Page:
Western Kentucky put up three touchdowns in Saturday’s season-opening loss to Louisville, but two of those were on possessions that started inside the Cardinals’ 5-yard line because of special teams’ plays from Omari Alexander.

The Hilltoppers struggled to move the ball at times, especially early, but are hoping to take some positives from late in the contest into this week’s 11 a.m. home opener at Houchens-Smith Stadium against Liberty.

“I felt like offensively we never really found a rhythm. We were behind the chains at times. We had some missed opportunities,” WKU head coach Tyson Helton said Monday. “ ... Second half, felt like toward the fourth quarter we started to find a rhythm, started to move the ball in the run game and those kinds of things, but just never could find a good foundation there offensively.”

The Hilltoppers had 248 yards of offense in the loss, but 50 came on a pass down the field to Jahcour Pearson that resulted in a turnover after Russ Yeast forced and recovered a fumble. Tyrrell Pigrome threw for 129 yards and a touchdown and the offense rushed for 119 yards.

WKU had 12 first downs in the game, with only three coming in the first half, and was 3-for-6 on third downs in the first half. The Hilltoppers finished the game 4-for-12 on third down. Offensive coordinator Bryan Ellis said Tuesday he thought two of those in the first half should have been converted.

“Those plays – the third downs – we call them money plays. That’s where you make your money,” Ellis said. “You’ve got to be good on third down. You can do what you want on first and second down, but when it comes to third down, if you hit that one, then the drive’s still alive.”

Both Helton and Ellis have been pleased with Pigrome’s progression and toughness since arriving at The Hill as a graduate transfer from Maryland. He had 17 carries and led the team with 68 yards rushing, but was just 10-for-23 passing in the game. He was sacked three times – two of which Ellis puts back on Pigrome. One of those was as he was going out of bounds a couple yards behind the line of scrimmage, and the other was on fourth-and-10 from the Louisville 37 on a play where Ellis said the Hilltoppers had a man open on the left side.

“Obviously you can’t win a football game completing 43% of your passes, so we’ve got to do a better job in that regard and I don’t put all that on Piggy – I think a lot of that comes down on me too,” Ellis said. “I’ve got to help him a little bit better with the plays that we call and I’ve got to give him better chances and the line at times has got to give us a little more time to try to find guys.”

Pigrome also had at least eight more carries than anyone else on the team. Gaej Walker had nine carries for 19 yards and Noah Whittington had 16 yards on five carries, which included a 15-yard run. Ellis said he would like the running backs to carry the load more, but said “we’re going to do whatever it takes to win the football game,” and added that they were going to use every skill set that Pigrome has to help do that.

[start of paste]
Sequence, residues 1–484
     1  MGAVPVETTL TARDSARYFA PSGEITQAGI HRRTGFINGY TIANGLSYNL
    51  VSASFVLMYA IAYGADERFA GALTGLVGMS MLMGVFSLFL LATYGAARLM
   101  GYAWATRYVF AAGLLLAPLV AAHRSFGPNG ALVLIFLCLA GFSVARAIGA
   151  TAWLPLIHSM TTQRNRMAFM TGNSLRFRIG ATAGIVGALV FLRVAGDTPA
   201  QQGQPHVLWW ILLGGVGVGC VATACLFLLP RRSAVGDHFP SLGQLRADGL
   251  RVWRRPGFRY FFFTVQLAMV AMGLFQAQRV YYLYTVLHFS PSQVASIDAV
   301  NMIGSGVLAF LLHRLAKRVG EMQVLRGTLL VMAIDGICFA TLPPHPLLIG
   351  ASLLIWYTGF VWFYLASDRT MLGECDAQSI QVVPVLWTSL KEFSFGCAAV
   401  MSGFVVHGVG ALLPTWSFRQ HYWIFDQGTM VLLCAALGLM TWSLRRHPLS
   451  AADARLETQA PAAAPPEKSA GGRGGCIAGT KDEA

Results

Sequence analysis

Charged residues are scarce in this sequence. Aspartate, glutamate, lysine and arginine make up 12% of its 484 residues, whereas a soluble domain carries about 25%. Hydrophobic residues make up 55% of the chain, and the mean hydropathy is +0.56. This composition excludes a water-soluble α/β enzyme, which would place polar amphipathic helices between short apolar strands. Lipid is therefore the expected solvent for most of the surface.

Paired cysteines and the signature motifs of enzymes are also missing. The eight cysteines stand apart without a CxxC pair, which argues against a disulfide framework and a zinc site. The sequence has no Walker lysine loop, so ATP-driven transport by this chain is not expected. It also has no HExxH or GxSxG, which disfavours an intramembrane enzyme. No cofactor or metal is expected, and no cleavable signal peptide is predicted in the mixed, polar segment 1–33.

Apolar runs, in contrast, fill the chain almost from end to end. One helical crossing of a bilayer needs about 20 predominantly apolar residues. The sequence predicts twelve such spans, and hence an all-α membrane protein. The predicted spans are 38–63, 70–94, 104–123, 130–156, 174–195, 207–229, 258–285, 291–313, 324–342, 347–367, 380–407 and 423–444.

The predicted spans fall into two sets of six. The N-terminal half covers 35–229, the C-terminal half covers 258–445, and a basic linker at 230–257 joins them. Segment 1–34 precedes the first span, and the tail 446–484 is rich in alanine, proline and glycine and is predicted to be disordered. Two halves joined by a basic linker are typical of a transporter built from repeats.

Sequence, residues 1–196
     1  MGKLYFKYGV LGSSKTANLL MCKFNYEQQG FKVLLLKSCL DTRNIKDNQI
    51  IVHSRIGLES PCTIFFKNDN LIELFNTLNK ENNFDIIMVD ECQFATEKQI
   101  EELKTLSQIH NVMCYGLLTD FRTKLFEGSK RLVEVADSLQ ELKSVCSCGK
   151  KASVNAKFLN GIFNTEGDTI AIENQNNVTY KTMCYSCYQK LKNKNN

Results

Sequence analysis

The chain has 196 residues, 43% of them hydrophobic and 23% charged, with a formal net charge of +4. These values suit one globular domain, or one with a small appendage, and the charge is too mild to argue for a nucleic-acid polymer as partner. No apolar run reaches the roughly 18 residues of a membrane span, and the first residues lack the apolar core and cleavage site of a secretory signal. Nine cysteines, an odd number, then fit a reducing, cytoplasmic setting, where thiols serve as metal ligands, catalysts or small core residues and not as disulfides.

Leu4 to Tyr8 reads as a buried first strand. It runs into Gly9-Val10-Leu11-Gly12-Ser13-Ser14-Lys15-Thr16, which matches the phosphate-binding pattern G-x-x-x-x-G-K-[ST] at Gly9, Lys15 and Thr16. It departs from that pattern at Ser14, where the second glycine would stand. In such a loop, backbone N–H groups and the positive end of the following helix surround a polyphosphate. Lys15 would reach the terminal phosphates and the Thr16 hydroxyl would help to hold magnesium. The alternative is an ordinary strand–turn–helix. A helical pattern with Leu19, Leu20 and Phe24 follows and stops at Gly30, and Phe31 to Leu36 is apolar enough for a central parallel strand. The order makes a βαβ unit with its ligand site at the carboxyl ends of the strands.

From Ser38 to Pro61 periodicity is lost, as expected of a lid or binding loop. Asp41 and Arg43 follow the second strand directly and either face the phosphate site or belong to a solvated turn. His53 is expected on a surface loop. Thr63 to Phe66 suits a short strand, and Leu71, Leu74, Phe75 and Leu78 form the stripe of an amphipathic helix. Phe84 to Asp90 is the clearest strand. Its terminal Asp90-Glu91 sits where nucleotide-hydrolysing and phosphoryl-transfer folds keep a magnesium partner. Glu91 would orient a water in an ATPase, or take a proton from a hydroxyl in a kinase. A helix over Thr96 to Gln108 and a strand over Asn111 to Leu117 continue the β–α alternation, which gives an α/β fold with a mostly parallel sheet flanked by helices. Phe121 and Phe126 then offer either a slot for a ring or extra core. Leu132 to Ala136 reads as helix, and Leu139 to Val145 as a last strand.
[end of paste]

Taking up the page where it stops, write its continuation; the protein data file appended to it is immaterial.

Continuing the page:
Ellis also said wants to do a better job getting the ball in his playmakers’ hands. Pearson had five of WKU’s receptions – one of which was the 50-yard pass – and Mitchell Tinsley and Craig Burt Jr. accounted for the other five receptions. Ellis said he wants to get the ball to the two Hutchinson Community College transfers more, as well as Josh Simon, a Conference USA All-Freshman team member last year who was targeted twice Saturday without a reception.

“That’s part of being the offensive coordinator, that’s part of being a guy that’s calling plays, is get the ball in the hands of your good players, and we didn’t do a good job of that,” Ellis said. “I thought there were times that we had guys open, that we had our good players in space. We threw the ball 23 times. I think we dropped back to throw it about 30 times, had a couple scrambles and a couple sacks, so we’ve just got to give those guys some more opportunities to go out there and be who they are and make plays.”

In three of the Hilltoppers’ first six possessions, they lost or failed to pick up a yard on the first play. One possession started at the Louisville 1 after a botched punt attempt from the Cardinals, and another was the last play of the half. WKU started the second half with a 5-yard loss, and six times total they failed to gain a yard or lost yards on first down.

“Those are the things we’ve got to fix. We can’t get behind the chains and we’ve got to stay in front of the chains,” Helton said. “That really comes to me as a coach – especially me as an offensive coach – to be able to fix that.”

Helton said finding that rhythm will help create shots down the field to the team’s playmakers as well. Liberty allowed 28.1 points per game in last year’s 8-5 season – its second as an FBS team. It allowed 219.5 yards passing per game and 189.7 yards rushing per game.

“From the film we watched, from what I’ve seen, a lot of teams have gotten behind them, their DBs and safeties, and they’ve made a lot of big plays down field – the teams they played against,” Tinsley said Tuesday. “I feel like we’re going to take some chances down the field this week, something we didn’t do really last week. We’re going to air it out.”

“They like to come up and press a lot,” Burt said. “Shoot, I feel like we’ll take more shots this week and we’ll take advantage of our one-on-one opportunities.”{&end}

– Follow sports reporter Jared MacDonald on Twitter @JMacDonaldSport or visit bgdailynews.com.

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